Figure thumbnail gr2
      Figure 2HIF-1α increases Notch3 promoter activities via a noncanonical mechanism. A, luciferase reporter plasmids containing the Notch3 promoter region (−188, −57, or −10 to +77) were used. Each reporter plasmid was transfected into HeLa cells and incubated for 24 h under normoxia (N) or hypoxia (24 h). Thereafter, luciferase reporter activities were determined. Reporter activities were measured with normalization by protein concentration. Luciferase analysis was performed three times each with triplicate. The individual mean values calculated from the three technical samples were shown in different colored dot plots (black, red, and blue). The overall mean values and SD were then calculated and presented. The Tukey-Kramer HSD test was used as a post hoc test for comparisons between the indicated groups. B, the upper panel indicates a schematic representation of HIF-1α expression plasmids in the cotransfection reporter assay. The lower panel shows that each reporter and HIF-1α expression plasmids were cotransfected into HeLa cells, and promoter reporter activities were evaluated as in (A). Dunnett’s test by comparing with the group of p3XFLAG was used as a post hoc test. ∗∗∗p < 0.001; n.s., not significant. HIF-1α, hypoxia-inducible factor-1α.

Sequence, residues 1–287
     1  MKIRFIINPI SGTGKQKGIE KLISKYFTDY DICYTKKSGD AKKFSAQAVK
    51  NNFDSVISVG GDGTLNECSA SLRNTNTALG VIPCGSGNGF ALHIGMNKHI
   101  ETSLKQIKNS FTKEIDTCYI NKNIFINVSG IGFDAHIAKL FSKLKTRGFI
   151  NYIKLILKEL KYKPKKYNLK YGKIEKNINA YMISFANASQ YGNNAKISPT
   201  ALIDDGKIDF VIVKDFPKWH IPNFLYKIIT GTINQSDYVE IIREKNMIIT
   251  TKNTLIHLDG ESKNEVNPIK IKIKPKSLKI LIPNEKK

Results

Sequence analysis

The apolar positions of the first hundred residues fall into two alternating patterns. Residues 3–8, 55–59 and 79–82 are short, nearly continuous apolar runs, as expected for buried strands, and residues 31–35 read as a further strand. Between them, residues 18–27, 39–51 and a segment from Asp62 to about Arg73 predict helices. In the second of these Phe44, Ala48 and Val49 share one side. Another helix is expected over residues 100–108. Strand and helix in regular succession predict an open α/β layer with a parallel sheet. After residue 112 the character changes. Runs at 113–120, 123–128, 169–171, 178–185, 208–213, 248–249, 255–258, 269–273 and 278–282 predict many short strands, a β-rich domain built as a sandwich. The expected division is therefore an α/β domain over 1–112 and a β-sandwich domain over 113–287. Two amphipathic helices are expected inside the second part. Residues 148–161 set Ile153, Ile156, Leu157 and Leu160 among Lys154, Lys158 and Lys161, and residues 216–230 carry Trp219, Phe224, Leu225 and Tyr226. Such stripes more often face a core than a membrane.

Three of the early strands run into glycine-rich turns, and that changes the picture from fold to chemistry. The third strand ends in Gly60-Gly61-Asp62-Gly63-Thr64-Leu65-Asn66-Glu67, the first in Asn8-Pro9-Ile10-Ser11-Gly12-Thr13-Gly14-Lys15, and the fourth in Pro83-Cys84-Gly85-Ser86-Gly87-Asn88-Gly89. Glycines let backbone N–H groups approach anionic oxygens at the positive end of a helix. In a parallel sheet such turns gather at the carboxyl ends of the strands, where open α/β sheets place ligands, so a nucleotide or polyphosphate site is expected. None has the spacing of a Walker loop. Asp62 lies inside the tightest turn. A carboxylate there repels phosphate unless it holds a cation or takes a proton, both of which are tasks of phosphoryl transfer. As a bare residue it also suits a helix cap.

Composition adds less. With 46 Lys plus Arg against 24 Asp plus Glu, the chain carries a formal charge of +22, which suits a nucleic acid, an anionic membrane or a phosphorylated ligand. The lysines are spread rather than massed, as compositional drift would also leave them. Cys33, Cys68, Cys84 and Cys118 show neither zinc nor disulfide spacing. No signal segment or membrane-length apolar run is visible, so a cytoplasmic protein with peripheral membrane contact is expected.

To elucidate the effects of HIF-1α on Notch3 promoter activity, we performed cotransfection analysis using the Notch3 promoter reporters and HIF-1α expression plasmid (2–826). As a result, HIF-1α enhanced the reporter activities of Notch3 (Fig. 2B, lower panel). Since the promoter region is highly guanine-rich and has no canonical HRE sequence, the HIF-1α domain required for Notch3 promoter activation was next examined. For this purpose, we constructed a set of HIF-1α deletion mutants (Fig. 2B upper panel) and performed cotransfection assays. These results indicate that HIF-1α transactivating domains (HIF-1α 530–826) alone can increase Notch3 promoter activity, and the N-terminal DNA binding domain is dispensable for this activity.

      HIF-1α physically associates with the Notch3 promoter

      To further analyze the binding of HIF-1α to the Notch3 promoter, we performed a pull-down analysis using biotinylated Notch3 promoter oligonucleotide and streptavidin-sepharose. HeLa cells were cultured under normoxic or hypoxic conditions for 24 h, and nuclear extracts were prepared. The biotinylated oligos were incubated with nuclear extracts before incubation with streptavidin-sepharose. The bound proteins were eluted and analyzed by immunoblotting. HIF-1α was strongly detected in the biotinylated Notch3 promoter oligo mixed with nuclear extracts from cells cultured under hypoxia, but not under normoxia (Fig. 3A above image, lane 6). We next added nonbiotinylated Notch3 promoter oligos or nonbiotinylated control oligos together with the biotinylated oligos and the nuclear extracts in a competition assay. As expected, HIF-1α levels were evidently attenuated by adding the nonbiotinylated Notch3 promoter oligo compared to lane 6 (Fig. 3A above image, lane 7). On the other hand, the addition of the nonbiotinylated control oligo (Fig. 3A above image, lane 8) slightly decreased the HIF-1α level. This suggests that HIF-1α can bind to the Notch3 promoter region with no apparent HRE and likely activates Nocth3. Thus, our results raised the hypothesis that HIF-1α binds to the Notch3 promoter sequence in cooperation with other proteins.
      Figure thumbnail gr3